In contrast, minocycline doesn’t target the virus or its proteins. While they’re still working out the details, the researchers have shown that minocycline "calms down" as yet undefined biological pathways that involve two specific proteins -- MCP-1 and p38 -- implicated in damage in neurodegenerative diseases.

The MCP-1 protein, when secreted from brain cells under attack from HIV or SIV, attracts infection-fighting cells known as macrophages, which then enter the brain. The influx of these cells contributes to swelling and inflammation known as encephalitis. The other protein, p38, helps trigger a series of events that result in a cell’s programmed death, called apoptosis.

Only one of the five treated monkeys showed any signs of encephalitis, and that monkey’s condition was deemed mild by a set of standard measures. After the same amount of time -- 84 days after infection -- five of the six untreated monkeys had evidence of moderate or severe encephalitis and much more physical evidence of damage to brain cells, the researchers report.

"The infection in the animal model is predictable and aggressive, so we can get meaningful data by studying fewer animals," says Zink, who was on the team that developed the model about six years ago. "It’s a really demanding test of a potential treatment for HIV."

The animal model has already helped improve understanding of how HIV might affect the brain, and this is the first time it’s been used to test a potential treatment. Studies with the animals are augmented by laboratory experiments with cells to clarify observations.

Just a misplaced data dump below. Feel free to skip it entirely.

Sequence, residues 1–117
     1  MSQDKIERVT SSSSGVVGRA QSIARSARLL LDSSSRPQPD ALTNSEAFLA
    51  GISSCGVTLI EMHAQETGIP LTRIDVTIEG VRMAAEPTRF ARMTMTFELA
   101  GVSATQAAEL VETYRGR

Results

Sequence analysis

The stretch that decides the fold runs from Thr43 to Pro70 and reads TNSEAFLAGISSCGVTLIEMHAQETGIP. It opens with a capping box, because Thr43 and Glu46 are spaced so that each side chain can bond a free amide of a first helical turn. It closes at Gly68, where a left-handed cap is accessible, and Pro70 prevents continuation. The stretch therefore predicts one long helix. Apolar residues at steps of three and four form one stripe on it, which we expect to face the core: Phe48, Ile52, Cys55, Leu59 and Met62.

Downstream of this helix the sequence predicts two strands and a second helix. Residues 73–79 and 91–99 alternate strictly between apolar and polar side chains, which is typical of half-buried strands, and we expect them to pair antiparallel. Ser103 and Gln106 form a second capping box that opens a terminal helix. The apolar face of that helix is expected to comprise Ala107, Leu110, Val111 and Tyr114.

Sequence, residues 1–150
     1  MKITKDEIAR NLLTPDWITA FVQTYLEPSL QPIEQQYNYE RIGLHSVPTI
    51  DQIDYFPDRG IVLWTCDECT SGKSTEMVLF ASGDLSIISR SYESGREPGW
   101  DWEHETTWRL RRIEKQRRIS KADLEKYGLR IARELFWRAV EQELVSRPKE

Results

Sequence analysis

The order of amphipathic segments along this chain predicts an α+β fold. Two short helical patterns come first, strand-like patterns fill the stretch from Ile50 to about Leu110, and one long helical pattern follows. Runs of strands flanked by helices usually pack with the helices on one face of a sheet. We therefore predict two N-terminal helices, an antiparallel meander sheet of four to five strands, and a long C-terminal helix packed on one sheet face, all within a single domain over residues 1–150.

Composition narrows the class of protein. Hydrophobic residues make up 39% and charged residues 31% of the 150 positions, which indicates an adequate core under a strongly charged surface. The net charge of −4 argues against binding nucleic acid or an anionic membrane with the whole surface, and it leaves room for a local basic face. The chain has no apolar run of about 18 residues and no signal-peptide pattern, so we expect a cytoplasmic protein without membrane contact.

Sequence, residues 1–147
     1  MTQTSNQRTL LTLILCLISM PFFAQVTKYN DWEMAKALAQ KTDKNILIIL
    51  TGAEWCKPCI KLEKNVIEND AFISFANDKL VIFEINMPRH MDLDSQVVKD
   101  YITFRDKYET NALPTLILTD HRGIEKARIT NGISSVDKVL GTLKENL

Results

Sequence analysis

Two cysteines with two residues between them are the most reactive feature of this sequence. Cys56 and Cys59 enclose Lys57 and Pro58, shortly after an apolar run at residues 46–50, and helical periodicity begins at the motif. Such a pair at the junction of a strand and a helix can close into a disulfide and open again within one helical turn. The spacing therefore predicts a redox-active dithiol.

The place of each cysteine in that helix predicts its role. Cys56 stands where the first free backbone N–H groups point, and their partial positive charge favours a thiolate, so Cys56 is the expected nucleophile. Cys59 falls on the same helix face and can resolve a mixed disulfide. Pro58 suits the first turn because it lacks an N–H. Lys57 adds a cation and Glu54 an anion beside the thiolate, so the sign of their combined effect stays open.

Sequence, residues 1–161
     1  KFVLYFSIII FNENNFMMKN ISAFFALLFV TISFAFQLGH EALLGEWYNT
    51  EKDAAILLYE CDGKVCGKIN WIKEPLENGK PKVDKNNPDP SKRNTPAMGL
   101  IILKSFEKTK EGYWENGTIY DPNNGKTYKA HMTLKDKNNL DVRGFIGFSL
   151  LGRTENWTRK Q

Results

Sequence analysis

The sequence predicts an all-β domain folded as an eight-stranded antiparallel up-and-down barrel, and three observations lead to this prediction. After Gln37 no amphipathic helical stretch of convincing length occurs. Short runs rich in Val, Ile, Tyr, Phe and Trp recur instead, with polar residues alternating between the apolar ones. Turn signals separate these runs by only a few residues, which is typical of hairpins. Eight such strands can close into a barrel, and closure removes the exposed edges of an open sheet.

Notably, these laboratory experiments have shown that minocycline somehow suppresses replication of HIV and SIV in macrophages -- the immune cells recruited to the brain during HIV infection -- and lymphocytes -- immune cells that carry "sleeping" HIV and SIV even when antiretroviral treatment is effective.

"If this preliminary observation holds up, minocycline could be really important for treating HIV infection in developing countries where access to traditional antiretroviral drugs is very limited," says Zink. "Most of the 40 million people with HIV infection live in these countries."

Joanna Downer | EurekAlert!
Further information:
http://www.jhmi.edu

More articles from Health and Medicine:

nachricht Cystic fibrosis alters the structure of mucus in airways
29.06.2017 | University of Iowa Health Care

nachricht Mice provide insight into genetics of autism spectrum disorders
28.06.2017 | University of California - Davis

All articles from Health and Medicine >>>

The most recent press releases about innovation >>>

Die letzten 5 Focus-News des innovations-reports im Überblick:

Im Focus: Making Waves

Computer scientists use wave packet theory to develop realistic, detailed water wave simulations in real time. Their results will be presented at this year’s SIGGRAPH conference.

Think about the last time you were at a lake, river, or the ocean. Remember the ripples of the water, the waves crashing against the rocks, the wake following...

Im Focus: Can we see monkeys from space? Emerging technologies to map biodiversity